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#1. Concise Nonfiction E-Books:  

2012 was a great year for concise nonfiction books due to the growth of platforms such as Kindle Singles, TED Books, and Atavist books. I suspect that we will be seeing many more concise nonfiction e-books come out in 2013. We are starting to see news organizations like Politco bring out topical e-books, expanding their coverage to the long form journalism that works so well in e-books. Other news organizations, companies, think tanks, and academic presses will follow. Short e-books are cheap, fast to read, and fun to talk about. We are just getting started in the decade of the concise nonfiction e-book.

#2. Quiet: The Power of Introverts in a World That Can't Stop Talking by Susan Cain

This is the one book this year that I gave to various leaders on my campus (it helped that the publisher sent me a box full of copies of Quiet after I reviewed the book on 5/8/12). Quiet is a book that every educator and every manager should read. Susan Cain shows how we have set up our classrooms and workplaces to favor extroverts. Introspective people, people for which social interaction is draining rather than energizing, are often placed in environments where their full talents and abilities are hindered and hidden. A beautifully written book that permanently changed how I relate to colleagues, students, and family members.

#3. Plutocrats: The Rise of the New Global Super-Rich and the Fall of Everyone Else by Chrystia Freeland

In Plutocrats, Freeland investigates the causes and consequences of today's second Gilded Age. The incredible growth in wealth of the top 0.1% of the population (ultra -high-net-worth-individuals), a wealth expansion that is the result of globalization, technological change, economic development in the emerging economies, revolutions, lax regulation, low taxation, rent-seeking, and the triumph of the market.   Freeland is no populist.  Rather than condemn the very wealthy, she seeks to understand them, explain how they were created, and then draw some conclusions about the rewards and risks of extreme income polarization.  In Plutocrats, we spend time with Russian oligarchs, right wing energy billionaires, Chinese princelings, and hedge fund masters of the universe.   Freeland enjoys terrific access to the very wealthy, hanging out with them at Davos, TED, and the Aspen Institute.   She combines astute observation with a firm grasp of history and economics.   A book you will love no matter the size of your bank account.

#4. The Signal and the Noise: Why Most Predictions Fail but Some Don't by Nate Silver

Nate Silver is overexposed. That fact should not stop you from reading The Signal and the Noise. Learning how to think probabilistically is one of the most important skills that we all need in our analytical era. If you are someone who depends on evidence to make arguments, or if your are interested in how political forecasting, poker playing, weather forecasting, and sports betting works, then The Signal and the Noise should be at the top of your list.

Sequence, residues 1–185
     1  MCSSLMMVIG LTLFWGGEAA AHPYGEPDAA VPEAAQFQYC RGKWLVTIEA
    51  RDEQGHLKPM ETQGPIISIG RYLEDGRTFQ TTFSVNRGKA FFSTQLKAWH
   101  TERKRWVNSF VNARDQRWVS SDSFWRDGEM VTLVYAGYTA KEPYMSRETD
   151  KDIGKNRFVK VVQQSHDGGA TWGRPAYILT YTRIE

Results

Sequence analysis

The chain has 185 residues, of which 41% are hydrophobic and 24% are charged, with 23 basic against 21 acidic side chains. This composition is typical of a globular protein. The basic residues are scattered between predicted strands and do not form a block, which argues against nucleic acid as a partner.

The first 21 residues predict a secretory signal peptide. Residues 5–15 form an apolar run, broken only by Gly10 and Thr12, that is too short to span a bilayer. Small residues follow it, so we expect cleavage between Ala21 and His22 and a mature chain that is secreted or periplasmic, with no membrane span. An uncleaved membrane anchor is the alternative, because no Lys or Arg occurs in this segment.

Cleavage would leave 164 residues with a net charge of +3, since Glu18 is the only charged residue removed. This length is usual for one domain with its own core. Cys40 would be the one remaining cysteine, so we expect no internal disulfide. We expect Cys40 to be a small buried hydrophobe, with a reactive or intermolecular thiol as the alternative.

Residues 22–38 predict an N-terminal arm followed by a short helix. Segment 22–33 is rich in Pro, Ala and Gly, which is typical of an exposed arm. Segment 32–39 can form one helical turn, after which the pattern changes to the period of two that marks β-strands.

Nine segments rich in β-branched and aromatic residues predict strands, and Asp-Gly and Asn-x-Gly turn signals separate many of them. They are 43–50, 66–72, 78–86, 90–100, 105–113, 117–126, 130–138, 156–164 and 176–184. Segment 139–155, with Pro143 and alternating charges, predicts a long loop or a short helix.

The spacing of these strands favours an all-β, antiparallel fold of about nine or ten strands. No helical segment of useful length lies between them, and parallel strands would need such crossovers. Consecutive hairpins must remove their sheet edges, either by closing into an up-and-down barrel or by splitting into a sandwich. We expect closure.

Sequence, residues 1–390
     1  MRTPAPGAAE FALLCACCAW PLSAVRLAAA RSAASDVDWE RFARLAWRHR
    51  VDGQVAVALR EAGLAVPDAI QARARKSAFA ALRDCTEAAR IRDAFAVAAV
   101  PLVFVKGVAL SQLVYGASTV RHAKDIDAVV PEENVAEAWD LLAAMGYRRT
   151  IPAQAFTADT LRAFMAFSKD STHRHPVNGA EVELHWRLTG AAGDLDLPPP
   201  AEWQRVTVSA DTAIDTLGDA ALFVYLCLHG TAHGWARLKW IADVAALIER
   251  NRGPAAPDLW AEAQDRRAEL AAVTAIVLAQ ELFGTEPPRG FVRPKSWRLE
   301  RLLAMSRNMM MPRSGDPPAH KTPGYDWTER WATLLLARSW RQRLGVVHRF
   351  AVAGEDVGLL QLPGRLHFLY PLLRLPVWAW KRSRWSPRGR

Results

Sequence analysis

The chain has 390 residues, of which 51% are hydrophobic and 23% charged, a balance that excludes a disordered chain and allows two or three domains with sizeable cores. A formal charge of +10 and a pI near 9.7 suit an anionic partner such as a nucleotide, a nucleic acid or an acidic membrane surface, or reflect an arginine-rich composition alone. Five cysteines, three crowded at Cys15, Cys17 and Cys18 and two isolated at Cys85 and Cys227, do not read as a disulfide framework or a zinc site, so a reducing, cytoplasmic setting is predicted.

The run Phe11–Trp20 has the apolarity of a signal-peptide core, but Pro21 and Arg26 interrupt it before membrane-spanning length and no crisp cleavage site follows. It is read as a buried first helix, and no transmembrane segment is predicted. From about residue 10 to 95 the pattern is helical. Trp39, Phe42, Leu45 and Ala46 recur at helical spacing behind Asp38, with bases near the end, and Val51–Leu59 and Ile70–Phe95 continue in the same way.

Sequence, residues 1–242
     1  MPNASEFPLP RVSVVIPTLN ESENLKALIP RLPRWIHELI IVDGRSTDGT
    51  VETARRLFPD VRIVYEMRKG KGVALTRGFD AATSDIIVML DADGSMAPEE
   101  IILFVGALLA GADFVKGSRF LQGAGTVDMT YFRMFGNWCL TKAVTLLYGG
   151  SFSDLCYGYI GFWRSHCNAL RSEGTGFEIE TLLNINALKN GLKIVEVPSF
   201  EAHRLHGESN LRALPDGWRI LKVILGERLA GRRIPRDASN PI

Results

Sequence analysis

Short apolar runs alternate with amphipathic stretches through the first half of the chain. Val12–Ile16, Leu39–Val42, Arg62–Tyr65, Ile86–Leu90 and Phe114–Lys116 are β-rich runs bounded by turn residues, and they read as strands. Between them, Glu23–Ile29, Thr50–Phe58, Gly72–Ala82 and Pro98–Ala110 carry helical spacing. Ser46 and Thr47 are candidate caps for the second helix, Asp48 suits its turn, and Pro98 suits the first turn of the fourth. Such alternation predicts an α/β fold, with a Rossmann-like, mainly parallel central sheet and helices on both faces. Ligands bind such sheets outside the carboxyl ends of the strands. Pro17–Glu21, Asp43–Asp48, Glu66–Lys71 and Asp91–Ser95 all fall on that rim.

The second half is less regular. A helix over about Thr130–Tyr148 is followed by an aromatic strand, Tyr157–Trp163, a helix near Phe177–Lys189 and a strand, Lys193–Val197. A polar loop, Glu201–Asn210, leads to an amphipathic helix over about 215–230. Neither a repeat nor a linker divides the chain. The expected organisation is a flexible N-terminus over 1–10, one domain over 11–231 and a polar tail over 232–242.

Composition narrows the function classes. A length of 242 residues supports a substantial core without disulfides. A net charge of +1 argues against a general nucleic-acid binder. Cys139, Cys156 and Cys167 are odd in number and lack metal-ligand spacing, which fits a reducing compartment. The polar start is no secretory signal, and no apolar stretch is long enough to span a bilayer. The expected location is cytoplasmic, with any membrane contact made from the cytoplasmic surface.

#5. Tubes: A Journey to the Center of the Internet by Andrew Blum

Most of us don't actually make anything. We deal in information. In bits and bytes. Our workplace is the laptop. Our geography is the Internet. How refreshing therefore to reminded that the Internet is a physical thing. That all this data that we manipulate and interact with would not be possible without physical wires and boxes and switches and cables and data centers.  Someone needed to build all the infrastructure that makes the Internet possible.  Someone needs to keep everything going.  Blum sets out to tour the Internet.  To visit the places and the people that make possible what you and I are doing right now.   To make visible and understandable what too often feels like magic (until the website or the connection goes down).   I wish you safe travels on your journey to the Internet.

#6. Willpower: Rediscovering the Greatest Human Strength by Roy F. Baumeister and John Tierney

Roy Baumeister, through years of experimentation and observation, has convincingly demonstrated that an individuals level of self-control (or willpower) is the most powerful predictor of life chances.   Hold country of birth and parents education / income steady, and willpower swamps all other variables as determinants of individual success.   The good news is that self-control is less an innate tendency than a habit that can be learned, a muscle that can be re-enforced.   Willpower made me re-think how I parent and how I behave.  

#7.  Abundance: The Future Is Better Than You Think by Peter H. Diamandis and Steven Kotler